Inching Toward Simplicity: Pragmatics and Prose

Tuesday, December 04, 2007

What, in fact, WOULD Jesus buy?

Connecticut readers: Please stop by Burgundy Books in East Haddam on December 16 at 4. I will be reading from Get Satisfied and answering just about any question you ask.


No one truly knows what, if anything, Jesus might buy if he was here today. But I like to think he would, if he had to shop, center on compassion and justice. Some thought-provoking links:

  • The What Would Jesus Buy site lists several like-minded partners that also weigh the human costs of mindless shopping and unfair labor practices

  • Teenage girls in the movie, clearly fashion lovers, log onto responsible (aka sweatshop free) shopping Web sites for more information.

  • Here are some thoughts on the many nonmonetary rewards employees want. Surprisingly, monetary rewards rank 12th on employee wish lists. Workplace wishes like recognition and the opportunity to contribute are surely a microcosm of the broader life experiences we all crave.

Regular readers know that I had an appearance last week. I had the privilege of reading part of my Get Satisfied essay in conjunction with a movie screening. Director Rob Van Alkemade spoke in eloquent terms at a screening of his film, What Would Jesus Buy. But he didn’t really need any verbal talents: his compelling movie spoke for itself.

I’m already in the “stop shopping” mode, however gradually I approach it. But Reverend Billy and the Church of Stop Shopping, the attention-grabbing and often laughter-provoking central characters, made another thing clear to me: there is a global “emperor’s new clothes” mentality that drives the consumer frenzy, at Christmastime and beyond. If those around you are driven to acquire the latest Xbox or designer tag, and you have not managed to center on what matters deeply to you, you may join the crazy, hazy group delusion in which these passing fads are utterly indispensible.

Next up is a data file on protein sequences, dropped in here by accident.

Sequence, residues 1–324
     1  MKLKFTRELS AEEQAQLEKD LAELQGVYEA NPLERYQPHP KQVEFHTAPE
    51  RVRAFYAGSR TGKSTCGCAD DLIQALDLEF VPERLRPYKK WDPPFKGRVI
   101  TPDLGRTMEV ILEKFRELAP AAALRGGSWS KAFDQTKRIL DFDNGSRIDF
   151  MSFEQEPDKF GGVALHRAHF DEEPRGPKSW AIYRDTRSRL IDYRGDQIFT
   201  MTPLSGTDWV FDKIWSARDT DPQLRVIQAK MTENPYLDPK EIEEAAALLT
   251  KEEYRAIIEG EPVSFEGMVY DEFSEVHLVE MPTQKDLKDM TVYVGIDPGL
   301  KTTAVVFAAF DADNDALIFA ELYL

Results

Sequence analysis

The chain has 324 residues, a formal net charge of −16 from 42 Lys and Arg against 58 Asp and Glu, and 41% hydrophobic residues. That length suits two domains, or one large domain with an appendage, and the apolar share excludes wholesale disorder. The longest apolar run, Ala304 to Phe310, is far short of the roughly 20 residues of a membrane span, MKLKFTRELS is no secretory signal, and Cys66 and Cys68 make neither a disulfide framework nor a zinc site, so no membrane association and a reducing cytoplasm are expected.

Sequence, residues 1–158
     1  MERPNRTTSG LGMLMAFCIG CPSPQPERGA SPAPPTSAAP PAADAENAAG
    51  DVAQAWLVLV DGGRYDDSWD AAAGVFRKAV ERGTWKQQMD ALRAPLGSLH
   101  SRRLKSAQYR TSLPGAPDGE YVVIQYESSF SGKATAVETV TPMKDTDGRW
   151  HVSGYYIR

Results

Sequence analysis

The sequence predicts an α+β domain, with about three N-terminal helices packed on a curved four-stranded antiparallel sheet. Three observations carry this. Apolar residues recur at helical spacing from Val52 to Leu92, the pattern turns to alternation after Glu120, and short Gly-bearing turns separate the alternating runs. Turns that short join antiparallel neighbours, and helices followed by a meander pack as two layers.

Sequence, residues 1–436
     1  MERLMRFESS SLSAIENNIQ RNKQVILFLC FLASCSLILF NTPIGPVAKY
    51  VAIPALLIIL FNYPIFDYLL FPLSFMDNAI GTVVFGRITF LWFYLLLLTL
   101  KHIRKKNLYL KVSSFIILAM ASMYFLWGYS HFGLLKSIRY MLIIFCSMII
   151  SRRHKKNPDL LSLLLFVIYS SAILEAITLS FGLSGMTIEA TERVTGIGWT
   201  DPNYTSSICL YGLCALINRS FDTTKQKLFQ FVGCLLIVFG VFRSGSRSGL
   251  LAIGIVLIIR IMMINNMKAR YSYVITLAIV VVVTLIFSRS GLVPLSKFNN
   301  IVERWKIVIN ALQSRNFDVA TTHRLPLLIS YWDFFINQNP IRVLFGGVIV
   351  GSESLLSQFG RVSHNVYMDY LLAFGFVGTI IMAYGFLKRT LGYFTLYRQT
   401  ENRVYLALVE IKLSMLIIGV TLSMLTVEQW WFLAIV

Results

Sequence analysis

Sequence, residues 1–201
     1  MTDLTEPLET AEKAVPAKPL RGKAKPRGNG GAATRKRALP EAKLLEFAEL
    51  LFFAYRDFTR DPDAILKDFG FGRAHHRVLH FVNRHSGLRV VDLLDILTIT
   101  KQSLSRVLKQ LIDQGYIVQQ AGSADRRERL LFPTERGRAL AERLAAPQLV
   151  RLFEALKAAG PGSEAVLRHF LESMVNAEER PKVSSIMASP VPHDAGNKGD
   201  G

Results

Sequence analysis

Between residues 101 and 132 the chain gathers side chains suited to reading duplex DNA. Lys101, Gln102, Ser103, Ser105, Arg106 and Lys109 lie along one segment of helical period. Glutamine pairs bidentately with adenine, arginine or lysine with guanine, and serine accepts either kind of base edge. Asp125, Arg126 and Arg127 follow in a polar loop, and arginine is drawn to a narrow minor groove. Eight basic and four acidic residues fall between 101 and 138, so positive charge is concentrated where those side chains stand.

But there is another dimension here that bears examining: the ripple effect. Where you shop and where it was made matters. Look more closely at companies that construct an image of compassion. In some cases, the subtly colored packaging and sweet soundtrack might mask some hypocrisy in their practices. It’s hard to be vigilant 24/7, and even the indomitable Reverend Billy (or was it one of his crew?) admits that they don’t expect anyone to completely adhere to the “Gospel of Stop Shopping”. But a pause before spending, a decision in the right direction might stir some serious ripples. The movie’s laments about big business and values-blind consumers are equaled by the hopes that supporting your local business and buying from ethical manufacturers just might accumulate in a significant difference.

Simple Christmas is an oft-expressed wish and, to many, an oxymoron. Please share your favorite simplicity- and humanity-friendly holiday traditions via the comments link. This is a gift I would truly appreciate.

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At 1/01/2008 4:09 AM, Anonymous simplesam said...

Jesus would probably buy local fish and hand made breads from his village's fishermen and bakers.

We are a UU family that struggles to celebrate Christmas with our 9 year old grandson in a way that we feel genuinely reflects our beliefs around the holiday. Our focus is on family, food, homemade music, and games. After the dishes are cleared and the few gifts are opened, we play music and games that my husband's family played at Christmas in England 60 years ago. The games themselves are becoming the highlight of our celebration w/our collection of 4 grown daughters, sons in law, mom, stepdad, brother and grandchildren!
Also, this year, we made new greeting cards from last year's old ones, and sent them out in simple, handmade envelopes to fit the new cards. A great craft, using recycled cards, and we've had lots of positive comments on them. A new tradition is born...

At 2/27/2008 12:36 PM, Blogger Jason Reagan said...

If the Gospel of Mark is in any way historically accurate (many scholars believe all the other gospels are based on it), the answer to the question "What Would Jesus Buy?" is "Nothing." He seems to promote a lifestyle of wandering and bartering/begging (like some Buddhists).



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